Phymaturus is a small group of medium-sized lizards inhabiting only the Andes of Argentina and Chile and central Patagonian Plateau. All species are very similar in body shape, with a robust body, short legs, and a spiny tail; coloration is usually darker, but some species have bright orange, yellow, or green areas in tail or body. All known species are herbivorous, but they can eat insects occasionally. They are strictly saxicolous, usually found in areas with large boulders and rock crevices. All known species are viviparous, with a complex social organization of "clanes". A case of facultative parthenogenesis has been reported in captive lizards. For almost a century only one species was recognized in the genus, but since 1973 several new species were described, reaching now almost 20 species, but a preliminary molecular work indicates that several populations can be new undescribed species.
With more than 190 species, Liolaemus constitutes one of the most speciose squamate genera in the World. Most species of Liolaemus occur in southern South America, mainly in Argentina and Chile, but some species reach Bolivia, Brazil, Paraguay, Peru, and Uruguay. These lizards occupy a variety of habitats including coastal and inland sand dunes, pampas, temperate forest, and Andean-patagonian rainforest, but the majority of the species inhabit arid and semiarid environments of Andes, Patagonia, Monte desert, lowlands east and west of Andes, and some neighboring mountain chains. Latitudinal distribution of the genus span for almost 41°, from Andes close to Lima in Peru to Isla Grande de Tierra del Fuego in southern Argentina. Some species are found eating insects in
the tidal algae remains meanwhile others are found in stony and windy plains of Puna, up to 5000 m. They are small to medium-sized lizards, some species are very colorful and conspicuous but others have darker and unremarkable coloration. Spots, lines, and bands are very common in the coloration of these species. The majority of the species are insectivorous, some are herbivorous, but others are omnivorous; viviparity is widely found in Liolaemus with approximately 50% of species with this reproductive mode; at least one species has been discovered with a unusual reproductive mode, parthenogenesis, probably the first case in iguanids. More than 40 species of Liolaemus have been described during the last 15 years. One of the main causes of this dramatic recent increase in the number of known species is that surveys and collections are being made in previously unexplored areas, existing collections have been carefully examined, and new methodology to determine species limits have been applied in some cases. Hence, it is very likely that a considerable number of new species will be described in the near future.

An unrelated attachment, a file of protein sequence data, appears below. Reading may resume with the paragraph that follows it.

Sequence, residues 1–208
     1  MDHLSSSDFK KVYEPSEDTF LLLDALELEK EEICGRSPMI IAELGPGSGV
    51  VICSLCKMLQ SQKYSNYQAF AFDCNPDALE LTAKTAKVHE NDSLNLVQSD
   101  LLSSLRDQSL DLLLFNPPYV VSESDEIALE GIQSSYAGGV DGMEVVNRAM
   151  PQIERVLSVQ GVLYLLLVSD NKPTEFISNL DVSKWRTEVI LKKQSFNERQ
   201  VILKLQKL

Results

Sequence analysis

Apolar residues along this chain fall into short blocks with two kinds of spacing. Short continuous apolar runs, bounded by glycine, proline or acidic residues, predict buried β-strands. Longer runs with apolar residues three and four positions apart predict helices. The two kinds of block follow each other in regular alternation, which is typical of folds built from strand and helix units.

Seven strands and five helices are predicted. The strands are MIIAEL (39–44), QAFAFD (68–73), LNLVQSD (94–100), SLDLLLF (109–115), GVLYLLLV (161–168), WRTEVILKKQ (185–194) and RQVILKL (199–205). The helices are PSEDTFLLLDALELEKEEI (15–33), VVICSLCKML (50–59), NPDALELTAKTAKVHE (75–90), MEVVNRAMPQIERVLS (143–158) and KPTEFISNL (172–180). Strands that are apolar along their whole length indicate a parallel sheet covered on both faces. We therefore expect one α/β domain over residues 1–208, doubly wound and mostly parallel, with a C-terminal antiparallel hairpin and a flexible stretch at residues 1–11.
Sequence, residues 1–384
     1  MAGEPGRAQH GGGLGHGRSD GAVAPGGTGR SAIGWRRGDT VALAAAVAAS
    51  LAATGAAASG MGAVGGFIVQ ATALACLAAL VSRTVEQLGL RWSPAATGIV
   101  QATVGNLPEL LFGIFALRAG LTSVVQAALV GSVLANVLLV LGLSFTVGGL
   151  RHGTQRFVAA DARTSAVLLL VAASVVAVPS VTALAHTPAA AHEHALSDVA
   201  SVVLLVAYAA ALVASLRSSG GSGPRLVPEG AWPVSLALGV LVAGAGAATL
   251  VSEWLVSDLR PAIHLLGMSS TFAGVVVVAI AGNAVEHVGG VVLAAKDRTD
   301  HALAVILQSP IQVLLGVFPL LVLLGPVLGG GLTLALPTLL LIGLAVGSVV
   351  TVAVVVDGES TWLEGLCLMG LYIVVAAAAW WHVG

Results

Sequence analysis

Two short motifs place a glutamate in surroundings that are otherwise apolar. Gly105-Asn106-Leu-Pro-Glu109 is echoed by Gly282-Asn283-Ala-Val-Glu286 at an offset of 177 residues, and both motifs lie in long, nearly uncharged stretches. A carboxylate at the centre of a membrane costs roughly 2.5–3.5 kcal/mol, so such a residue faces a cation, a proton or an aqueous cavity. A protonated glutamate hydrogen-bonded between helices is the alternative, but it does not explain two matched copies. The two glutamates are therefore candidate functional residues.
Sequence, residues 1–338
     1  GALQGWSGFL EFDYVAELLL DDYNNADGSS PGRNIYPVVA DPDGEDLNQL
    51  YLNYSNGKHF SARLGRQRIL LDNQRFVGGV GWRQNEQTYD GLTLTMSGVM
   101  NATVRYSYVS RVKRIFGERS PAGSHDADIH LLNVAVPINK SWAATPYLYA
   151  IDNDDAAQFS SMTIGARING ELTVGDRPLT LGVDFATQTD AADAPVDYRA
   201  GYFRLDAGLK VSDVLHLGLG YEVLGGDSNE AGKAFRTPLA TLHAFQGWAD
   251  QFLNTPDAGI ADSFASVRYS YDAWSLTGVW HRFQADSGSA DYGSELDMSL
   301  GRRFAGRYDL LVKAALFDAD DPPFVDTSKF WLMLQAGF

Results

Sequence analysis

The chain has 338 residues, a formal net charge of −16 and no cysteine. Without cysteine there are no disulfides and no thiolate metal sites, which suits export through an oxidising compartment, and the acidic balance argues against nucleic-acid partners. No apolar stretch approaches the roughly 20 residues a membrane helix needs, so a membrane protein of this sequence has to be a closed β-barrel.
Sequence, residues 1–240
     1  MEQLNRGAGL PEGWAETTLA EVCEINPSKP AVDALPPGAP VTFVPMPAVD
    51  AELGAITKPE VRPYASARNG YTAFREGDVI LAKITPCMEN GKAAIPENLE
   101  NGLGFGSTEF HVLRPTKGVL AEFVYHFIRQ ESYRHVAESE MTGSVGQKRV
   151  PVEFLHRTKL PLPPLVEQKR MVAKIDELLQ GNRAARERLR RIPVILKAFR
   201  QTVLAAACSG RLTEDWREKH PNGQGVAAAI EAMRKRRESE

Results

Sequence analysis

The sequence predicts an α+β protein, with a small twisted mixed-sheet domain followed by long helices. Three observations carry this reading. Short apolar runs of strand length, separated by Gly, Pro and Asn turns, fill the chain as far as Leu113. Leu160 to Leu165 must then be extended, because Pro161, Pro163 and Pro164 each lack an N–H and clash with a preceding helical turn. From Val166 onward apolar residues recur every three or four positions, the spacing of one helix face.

Liolaemus wiegmann, 1834, is the most common lizard genus in Chile represented by 76 species inhabiting a broad variety of ecological conditions and with a broad geographical range. This genus is represented by several endemic species within Chile, presumably a result of the isolating effects of the uplift of the Andes, effectively isolating Chilean taxa from Argentinian congeners. The high richness of species and the high intraspecific variation frequently observed in morphological features, suggest that this genus has been a dynamic group in an evolutionary sense and it has likely speciated extensively as a response to recent and ancient tectonic and climatic changes in this part of South America. However, the microevolutionary history within the genus is poorly understood. We are interested in to study co-distributed species of Liolaemus from South-Central Chile in biogeographical areas corresponding both Mediterranean, Andean, temperate forests, and Patagonean formations. These scenarios are interesting to analyze in the context of the NSF project because great part of the Chilean ecosystems can be considered like sister formations of the Argentinean Patagonia in the historic biogeographic background. Our purpose is to get a comparative study of phylogeography, to test hypotheses about evolutionary processes involved within their geographic
range. We expect similar phylogeographic patterns among populations of each species because several species have been co-distributed for a long time and submitted to similar paleoclimatic and geomorphological changes. So, it is reasonable to expect a congruent evolutionary history for some of the Liolaemus species. By using mitochondrial and nuclear DNA sequences, we will recover hypotheses of evolutionary relationships of these species. Sequences will be used to implement Nested Clade Analyses(NCA). Nested clade distance measures were
tested for associations with geographic locations, and an inference key then followed to derive a plausible biological cause (range expansion, fragmentation or reduced gene flow). The combined data set for all sequenced gene regions will be used for traditional phylogenetic analyses (Maximum Parsimony, Maximum Likelihood, and Bayesian), using several outgroups according the phylogenetic position of the different species. We will apply a comparative analysis too which is useful for partially co-distributed taxa how in this case, and with the advantage that it’s possible to get statistical estimations of the congruence level between the different evolutionary history of different taxa. The results are discussed with respect to the existing palaeoclimatic and palaeotectonic data from South-Central Chile.
Chilean Valdivian Forests
Liolaemus Tenuis, The Thin Lizard